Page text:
Ireland is to become the first country in Europe to adopt a voluntary code restricting the promotion of foods designated as high in fat sugar and salt towards children.
The code has been drawn up by the Department of Health, the HSE, food companies and advertisers.
The Irish Times reports this morning that classification of such foods will be based on a nutritional scoring system used in the UK and that the code will lead to a voluntary withdrawal of all marketing of such foods in locations and media where children are likely to be or see.
Sport is responsible for 70 per cent of the overall sponsorship market in Ireland and the funding related to that goes a long way towards making the provision of sport possible.
Determining whether brands including Coca Cola, McDonalds, Cadburys or others will be bound by the voluntary code will be a matter of some urgency for sporting bodies who have existing or planned deals with them.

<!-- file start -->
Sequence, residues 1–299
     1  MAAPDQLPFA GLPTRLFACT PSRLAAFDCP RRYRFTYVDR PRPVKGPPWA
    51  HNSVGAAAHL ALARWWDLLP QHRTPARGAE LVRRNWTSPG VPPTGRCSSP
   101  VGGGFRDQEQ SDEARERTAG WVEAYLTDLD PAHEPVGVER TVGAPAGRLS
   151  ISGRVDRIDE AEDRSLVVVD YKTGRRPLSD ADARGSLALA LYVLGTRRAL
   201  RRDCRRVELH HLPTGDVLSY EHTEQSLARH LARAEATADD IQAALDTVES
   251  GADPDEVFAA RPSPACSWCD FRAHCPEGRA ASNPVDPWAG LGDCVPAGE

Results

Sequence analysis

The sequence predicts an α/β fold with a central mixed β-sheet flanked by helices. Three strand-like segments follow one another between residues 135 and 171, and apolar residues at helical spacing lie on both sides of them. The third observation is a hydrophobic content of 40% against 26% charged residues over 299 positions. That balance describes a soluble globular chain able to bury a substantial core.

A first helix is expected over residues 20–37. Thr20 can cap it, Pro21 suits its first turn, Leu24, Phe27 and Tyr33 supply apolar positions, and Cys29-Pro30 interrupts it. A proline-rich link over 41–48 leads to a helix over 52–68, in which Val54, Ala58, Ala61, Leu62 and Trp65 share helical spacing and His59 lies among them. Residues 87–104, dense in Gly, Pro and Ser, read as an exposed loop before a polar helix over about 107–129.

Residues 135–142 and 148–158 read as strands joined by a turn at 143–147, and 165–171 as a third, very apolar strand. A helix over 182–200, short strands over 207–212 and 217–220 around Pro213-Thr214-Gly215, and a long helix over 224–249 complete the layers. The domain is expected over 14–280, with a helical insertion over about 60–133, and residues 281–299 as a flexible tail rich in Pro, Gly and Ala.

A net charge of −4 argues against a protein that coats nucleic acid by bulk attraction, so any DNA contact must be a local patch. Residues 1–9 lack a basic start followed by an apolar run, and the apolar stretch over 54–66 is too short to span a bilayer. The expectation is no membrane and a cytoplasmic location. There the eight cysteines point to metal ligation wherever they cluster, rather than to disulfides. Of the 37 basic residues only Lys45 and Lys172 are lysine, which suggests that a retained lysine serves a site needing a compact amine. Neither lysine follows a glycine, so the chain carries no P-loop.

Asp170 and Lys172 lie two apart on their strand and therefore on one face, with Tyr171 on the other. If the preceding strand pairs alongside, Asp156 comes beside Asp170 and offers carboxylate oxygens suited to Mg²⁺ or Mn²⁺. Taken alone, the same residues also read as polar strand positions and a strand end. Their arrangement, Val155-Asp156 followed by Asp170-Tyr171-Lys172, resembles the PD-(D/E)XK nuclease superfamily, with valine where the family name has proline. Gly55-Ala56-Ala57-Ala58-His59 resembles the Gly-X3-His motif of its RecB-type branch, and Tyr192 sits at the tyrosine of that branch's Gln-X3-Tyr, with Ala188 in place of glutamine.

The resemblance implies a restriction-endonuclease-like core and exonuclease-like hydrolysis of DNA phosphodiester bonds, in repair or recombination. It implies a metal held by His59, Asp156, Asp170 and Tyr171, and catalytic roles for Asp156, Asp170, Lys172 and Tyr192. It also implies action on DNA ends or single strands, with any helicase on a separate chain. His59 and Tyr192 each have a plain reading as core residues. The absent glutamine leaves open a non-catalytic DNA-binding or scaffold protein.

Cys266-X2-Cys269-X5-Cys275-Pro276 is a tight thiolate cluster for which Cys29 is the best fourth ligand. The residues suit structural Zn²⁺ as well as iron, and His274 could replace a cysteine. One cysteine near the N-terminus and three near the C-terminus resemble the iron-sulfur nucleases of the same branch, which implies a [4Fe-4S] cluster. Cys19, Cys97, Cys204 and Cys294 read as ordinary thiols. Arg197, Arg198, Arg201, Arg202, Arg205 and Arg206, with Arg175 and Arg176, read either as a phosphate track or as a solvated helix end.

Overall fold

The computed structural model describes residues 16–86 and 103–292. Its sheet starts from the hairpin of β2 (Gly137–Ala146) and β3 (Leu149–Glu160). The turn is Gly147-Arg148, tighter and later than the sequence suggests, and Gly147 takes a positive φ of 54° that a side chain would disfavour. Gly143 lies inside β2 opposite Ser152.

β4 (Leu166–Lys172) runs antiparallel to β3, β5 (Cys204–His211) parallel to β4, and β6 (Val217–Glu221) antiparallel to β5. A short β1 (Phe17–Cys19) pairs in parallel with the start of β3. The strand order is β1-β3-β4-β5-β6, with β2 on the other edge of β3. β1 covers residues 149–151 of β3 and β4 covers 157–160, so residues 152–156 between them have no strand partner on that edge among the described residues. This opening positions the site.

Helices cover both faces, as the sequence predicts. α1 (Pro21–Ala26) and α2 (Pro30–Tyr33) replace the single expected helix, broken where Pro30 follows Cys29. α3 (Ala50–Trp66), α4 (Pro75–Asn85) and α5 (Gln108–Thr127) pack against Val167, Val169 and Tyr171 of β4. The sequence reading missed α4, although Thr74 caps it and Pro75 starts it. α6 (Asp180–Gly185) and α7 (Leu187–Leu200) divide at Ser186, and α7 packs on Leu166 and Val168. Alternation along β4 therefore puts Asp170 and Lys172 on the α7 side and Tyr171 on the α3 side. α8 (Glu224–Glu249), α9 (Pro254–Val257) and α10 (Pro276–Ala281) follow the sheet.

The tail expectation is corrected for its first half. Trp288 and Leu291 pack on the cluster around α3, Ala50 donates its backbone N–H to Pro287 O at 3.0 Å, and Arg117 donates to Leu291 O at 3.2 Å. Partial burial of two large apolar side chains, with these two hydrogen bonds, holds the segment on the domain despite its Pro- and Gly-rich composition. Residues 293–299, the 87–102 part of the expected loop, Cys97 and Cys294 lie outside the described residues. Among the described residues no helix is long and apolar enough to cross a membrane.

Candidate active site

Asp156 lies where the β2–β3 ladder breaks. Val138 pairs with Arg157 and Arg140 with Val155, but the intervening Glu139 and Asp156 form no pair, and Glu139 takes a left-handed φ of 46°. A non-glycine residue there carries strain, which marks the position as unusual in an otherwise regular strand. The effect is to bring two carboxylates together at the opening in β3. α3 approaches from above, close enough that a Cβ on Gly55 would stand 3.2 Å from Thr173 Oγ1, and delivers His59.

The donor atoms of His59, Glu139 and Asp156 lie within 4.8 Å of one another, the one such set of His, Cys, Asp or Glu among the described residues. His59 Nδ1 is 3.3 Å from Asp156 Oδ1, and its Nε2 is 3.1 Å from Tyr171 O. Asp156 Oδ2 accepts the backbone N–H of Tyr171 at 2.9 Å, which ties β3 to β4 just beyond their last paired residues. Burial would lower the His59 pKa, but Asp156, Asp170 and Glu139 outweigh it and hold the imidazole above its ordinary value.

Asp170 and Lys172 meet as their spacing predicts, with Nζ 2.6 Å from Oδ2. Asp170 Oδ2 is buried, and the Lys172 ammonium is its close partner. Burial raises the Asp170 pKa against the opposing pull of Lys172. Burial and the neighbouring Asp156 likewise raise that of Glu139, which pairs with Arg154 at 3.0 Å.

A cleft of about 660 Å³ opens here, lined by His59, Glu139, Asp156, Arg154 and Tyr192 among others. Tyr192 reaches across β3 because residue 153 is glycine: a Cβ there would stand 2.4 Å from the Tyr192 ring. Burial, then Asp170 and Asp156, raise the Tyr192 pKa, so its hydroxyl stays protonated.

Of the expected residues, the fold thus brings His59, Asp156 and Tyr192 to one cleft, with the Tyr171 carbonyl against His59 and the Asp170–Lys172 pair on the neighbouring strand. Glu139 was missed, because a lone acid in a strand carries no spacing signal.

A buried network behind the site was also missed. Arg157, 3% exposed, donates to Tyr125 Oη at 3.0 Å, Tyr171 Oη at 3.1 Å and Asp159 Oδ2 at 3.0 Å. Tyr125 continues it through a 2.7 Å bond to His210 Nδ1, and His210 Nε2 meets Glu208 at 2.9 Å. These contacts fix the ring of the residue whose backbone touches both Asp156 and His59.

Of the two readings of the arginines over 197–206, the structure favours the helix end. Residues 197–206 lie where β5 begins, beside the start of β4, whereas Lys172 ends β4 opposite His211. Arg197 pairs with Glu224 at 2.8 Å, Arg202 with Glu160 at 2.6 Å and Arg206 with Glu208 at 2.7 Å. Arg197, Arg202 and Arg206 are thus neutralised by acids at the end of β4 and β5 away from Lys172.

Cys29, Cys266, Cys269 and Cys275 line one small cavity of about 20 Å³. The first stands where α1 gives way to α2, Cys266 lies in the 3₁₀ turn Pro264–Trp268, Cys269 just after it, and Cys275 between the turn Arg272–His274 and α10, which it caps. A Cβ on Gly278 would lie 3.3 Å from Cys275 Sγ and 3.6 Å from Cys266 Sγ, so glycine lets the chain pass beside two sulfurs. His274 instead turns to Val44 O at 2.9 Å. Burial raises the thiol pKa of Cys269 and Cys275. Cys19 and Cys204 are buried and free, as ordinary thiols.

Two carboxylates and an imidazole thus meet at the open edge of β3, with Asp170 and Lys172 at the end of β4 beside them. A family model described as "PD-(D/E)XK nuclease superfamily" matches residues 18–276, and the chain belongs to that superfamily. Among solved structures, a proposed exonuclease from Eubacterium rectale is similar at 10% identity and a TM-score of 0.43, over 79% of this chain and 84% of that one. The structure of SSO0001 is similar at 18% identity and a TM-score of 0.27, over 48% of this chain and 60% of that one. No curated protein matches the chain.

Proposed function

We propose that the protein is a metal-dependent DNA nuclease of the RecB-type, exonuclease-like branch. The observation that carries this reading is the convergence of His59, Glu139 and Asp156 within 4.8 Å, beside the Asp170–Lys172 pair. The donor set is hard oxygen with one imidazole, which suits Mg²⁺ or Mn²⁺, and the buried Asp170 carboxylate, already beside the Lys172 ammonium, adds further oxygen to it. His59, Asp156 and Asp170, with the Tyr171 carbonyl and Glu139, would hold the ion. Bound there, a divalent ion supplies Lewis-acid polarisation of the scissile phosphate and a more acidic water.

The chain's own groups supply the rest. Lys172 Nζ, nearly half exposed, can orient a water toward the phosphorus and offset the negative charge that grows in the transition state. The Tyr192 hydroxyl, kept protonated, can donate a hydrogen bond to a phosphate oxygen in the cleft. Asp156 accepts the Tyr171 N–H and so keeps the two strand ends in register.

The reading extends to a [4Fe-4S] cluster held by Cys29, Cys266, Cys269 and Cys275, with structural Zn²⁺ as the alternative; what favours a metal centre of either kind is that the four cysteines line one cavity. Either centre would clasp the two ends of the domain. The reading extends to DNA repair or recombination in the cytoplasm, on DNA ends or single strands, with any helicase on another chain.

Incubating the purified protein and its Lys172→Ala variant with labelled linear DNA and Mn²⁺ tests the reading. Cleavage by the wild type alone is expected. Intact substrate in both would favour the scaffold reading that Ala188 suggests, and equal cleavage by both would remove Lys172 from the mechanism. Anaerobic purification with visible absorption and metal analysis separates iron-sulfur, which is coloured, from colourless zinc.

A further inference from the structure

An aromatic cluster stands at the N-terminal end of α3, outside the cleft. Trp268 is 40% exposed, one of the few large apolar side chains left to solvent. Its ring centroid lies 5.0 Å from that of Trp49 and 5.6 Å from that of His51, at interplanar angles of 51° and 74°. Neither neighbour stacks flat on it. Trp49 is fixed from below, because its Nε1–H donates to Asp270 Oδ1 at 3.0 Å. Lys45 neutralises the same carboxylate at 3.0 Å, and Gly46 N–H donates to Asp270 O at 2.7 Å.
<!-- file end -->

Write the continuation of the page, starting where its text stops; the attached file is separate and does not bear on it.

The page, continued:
The code is reported to cover commercial sponsorship as well as online, print, cinema and poster advertising. It is suggested that a register of companies signing up to the code will be maintained and held to scrutiny by a body designated by the HSE.
Whether this could include the Dublin City Council Bike scheme is not yet known and will depend on the classification of Coca Cola Zero which presently adorns the bikes.
The restriction of advertising and promotion of unhealthy food choices was one of the recommendations in an action plan on obesity published last year by the government.
The mooted publication of a specific code relating to that is an important step towards making that real. Its implementation and the way it could change the relationship between sponsors and sport is an area we will monitor closely over the coming months.